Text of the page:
It will be a long slog to get back, warns Halfords

Have your say

Halfords warned of a long uphill slog to recovery yesterday as profits tumbled by 22 per cent and its dividend was slashed by a third to pay for a £100m revamp of the struggling car parts and cycling retailer.

New chief executive Matt Davies pledged to refresh tired-looking stores and improve customer service over the next three years but warned that earnings were unlikely to recover until 2016.

The former Pets at Home boss, appointed last year, outlined his plans to turn around the business yesterday as it announced annual pre-tax profits were down in line with forecasts from £92.2m to £72m.

Despite the fall, he insisted that overall store numbers would not be significantly reduced – though it looks likely that some outlets will shrink and others outside London would be closed to make way for a greater presence within the M25.

Mr Davies’s investment programme, named ‘Getting Into Gear 2016’, will be paid for by cutting the dividend for investors this year by 35 per cent, from 14p to 9.1p.

Shares fell 12 per cent, though some analysts said it was an opportunity to pick up the stock after they were reassured by the chief executive’s blueprint for growth.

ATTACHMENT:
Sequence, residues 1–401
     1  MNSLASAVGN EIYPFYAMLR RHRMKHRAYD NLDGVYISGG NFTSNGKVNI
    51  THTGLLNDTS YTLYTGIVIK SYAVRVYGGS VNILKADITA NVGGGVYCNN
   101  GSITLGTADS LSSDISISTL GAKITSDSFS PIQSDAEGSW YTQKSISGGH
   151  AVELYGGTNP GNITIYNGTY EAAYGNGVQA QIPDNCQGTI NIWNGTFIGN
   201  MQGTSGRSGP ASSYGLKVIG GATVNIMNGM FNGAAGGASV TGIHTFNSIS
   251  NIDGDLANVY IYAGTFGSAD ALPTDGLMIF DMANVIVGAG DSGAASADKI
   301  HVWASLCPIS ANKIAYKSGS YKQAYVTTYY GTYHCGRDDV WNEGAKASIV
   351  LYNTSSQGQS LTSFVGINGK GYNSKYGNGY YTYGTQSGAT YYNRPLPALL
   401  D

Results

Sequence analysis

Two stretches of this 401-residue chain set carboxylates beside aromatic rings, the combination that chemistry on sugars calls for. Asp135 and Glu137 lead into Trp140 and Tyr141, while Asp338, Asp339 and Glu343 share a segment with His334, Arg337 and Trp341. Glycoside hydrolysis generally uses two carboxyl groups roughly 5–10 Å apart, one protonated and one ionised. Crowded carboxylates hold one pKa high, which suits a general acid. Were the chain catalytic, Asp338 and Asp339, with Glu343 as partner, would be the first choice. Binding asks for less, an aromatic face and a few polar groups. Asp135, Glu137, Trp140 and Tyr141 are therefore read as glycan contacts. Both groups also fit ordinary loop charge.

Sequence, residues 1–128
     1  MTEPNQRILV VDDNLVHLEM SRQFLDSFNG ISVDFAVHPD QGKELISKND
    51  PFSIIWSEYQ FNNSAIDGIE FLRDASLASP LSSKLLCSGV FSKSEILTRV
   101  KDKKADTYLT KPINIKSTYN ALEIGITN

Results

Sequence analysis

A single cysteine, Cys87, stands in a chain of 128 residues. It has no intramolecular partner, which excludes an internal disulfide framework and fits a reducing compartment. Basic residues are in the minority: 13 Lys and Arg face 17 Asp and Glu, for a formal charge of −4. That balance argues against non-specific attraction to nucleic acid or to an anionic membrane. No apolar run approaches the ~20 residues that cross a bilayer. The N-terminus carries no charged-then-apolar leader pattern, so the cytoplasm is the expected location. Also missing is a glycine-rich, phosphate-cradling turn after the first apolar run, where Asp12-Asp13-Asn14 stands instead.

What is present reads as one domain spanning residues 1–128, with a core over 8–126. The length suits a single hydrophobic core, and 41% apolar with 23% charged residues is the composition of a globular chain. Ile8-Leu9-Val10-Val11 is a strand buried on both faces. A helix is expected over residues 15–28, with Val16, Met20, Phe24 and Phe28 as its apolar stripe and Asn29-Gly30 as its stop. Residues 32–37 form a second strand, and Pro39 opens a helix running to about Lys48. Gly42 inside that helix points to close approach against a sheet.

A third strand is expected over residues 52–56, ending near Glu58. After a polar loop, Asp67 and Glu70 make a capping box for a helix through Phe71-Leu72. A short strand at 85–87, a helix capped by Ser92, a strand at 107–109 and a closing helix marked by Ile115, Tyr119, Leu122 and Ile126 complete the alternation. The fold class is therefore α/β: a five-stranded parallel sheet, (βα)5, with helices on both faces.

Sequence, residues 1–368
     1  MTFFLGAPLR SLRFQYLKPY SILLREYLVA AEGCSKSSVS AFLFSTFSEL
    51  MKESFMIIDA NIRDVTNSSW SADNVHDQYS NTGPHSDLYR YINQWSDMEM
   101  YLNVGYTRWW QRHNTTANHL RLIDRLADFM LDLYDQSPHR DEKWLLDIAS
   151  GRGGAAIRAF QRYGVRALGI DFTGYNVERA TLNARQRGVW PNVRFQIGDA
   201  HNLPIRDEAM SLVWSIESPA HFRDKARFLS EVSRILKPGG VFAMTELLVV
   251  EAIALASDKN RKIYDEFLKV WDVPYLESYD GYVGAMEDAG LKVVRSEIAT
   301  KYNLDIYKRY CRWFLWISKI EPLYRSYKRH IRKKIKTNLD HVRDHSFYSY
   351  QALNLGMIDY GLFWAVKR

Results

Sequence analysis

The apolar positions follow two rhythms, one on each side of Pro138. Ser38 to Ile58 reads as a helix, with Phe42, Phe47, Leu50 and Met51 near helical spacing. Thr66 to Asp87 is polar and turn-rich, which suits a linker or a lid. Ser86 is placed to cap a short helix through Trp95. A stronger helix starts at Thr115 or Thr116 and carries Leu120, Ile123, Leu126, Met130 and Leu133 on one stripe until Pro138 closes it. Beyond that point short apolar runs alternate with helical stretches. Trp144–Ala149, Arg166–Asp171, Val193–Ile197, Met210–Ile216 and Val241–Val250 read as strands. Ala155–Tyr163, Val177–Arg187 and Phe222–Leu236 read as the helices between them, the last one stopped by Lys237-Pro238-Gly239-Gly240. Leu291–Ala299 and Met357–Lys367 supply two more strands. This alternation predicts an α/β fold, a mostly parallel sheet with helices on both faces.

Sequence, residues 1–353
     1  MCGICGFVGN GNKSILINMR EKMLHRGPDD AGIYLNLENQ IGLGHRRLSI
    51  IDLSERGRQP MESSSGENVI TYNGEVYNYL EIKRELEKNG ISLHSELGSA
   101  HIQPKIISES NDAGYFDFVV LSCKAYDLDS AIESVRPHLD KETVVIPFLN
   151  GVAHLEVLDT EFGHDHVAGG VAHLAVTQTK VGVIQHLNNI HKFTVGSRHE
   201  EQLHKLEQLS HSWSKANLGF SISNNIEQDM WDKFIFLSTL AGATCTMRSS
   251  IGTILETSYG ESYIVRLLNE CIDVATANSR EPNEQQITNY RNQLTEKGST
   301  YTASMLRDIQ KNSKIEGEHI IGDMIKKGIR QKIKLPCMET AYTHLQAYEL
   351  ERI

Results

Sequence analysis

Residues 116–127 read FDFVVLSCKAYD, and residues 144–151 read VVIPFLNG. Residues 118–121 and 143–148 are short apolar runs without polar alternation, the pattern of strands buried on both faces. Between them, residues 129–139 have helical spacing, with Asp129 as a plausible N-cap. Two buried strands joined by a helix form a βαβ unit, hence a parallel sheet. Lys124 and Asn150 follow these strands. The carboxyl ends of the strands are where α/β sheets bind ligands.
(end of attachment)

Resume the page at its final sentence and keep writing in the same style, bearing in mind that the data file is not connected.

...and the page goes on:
Mr Davies said his plan was designed to “significantly improve retail customer experience and bring about sustainable and profitable sales-growth momentum”.

He added: “We expect these vital investments will inevitably reduce short-term retail profitability but will deliver long-term revenue and profit growth together with sustainable shareholder value.”

Halfords has 466 stores in the UK and Ireland and 287 Autocentres, employing a total of 12,000 people.

It saw an overall 1 per cent rise in revenue over the full-year to the end of March to £871.3m, with a fall in retail sales offset by a 13.5 per cent rise in income from its Autocentres – though much of this was derived from low-margin tyre sales.

The business experienced a topsy-turvy year as poor weather hit bicycle sales but they were lifted by the ‘Wiggins effect’ of Britain’s Tour de France and Olympics success – while sales of de-icer and screenwash kept tills ringing during the winter.

Mr Davies was hired in October three months after the departure of predecessor David Wild amid a profit warning and a sharp sales decline.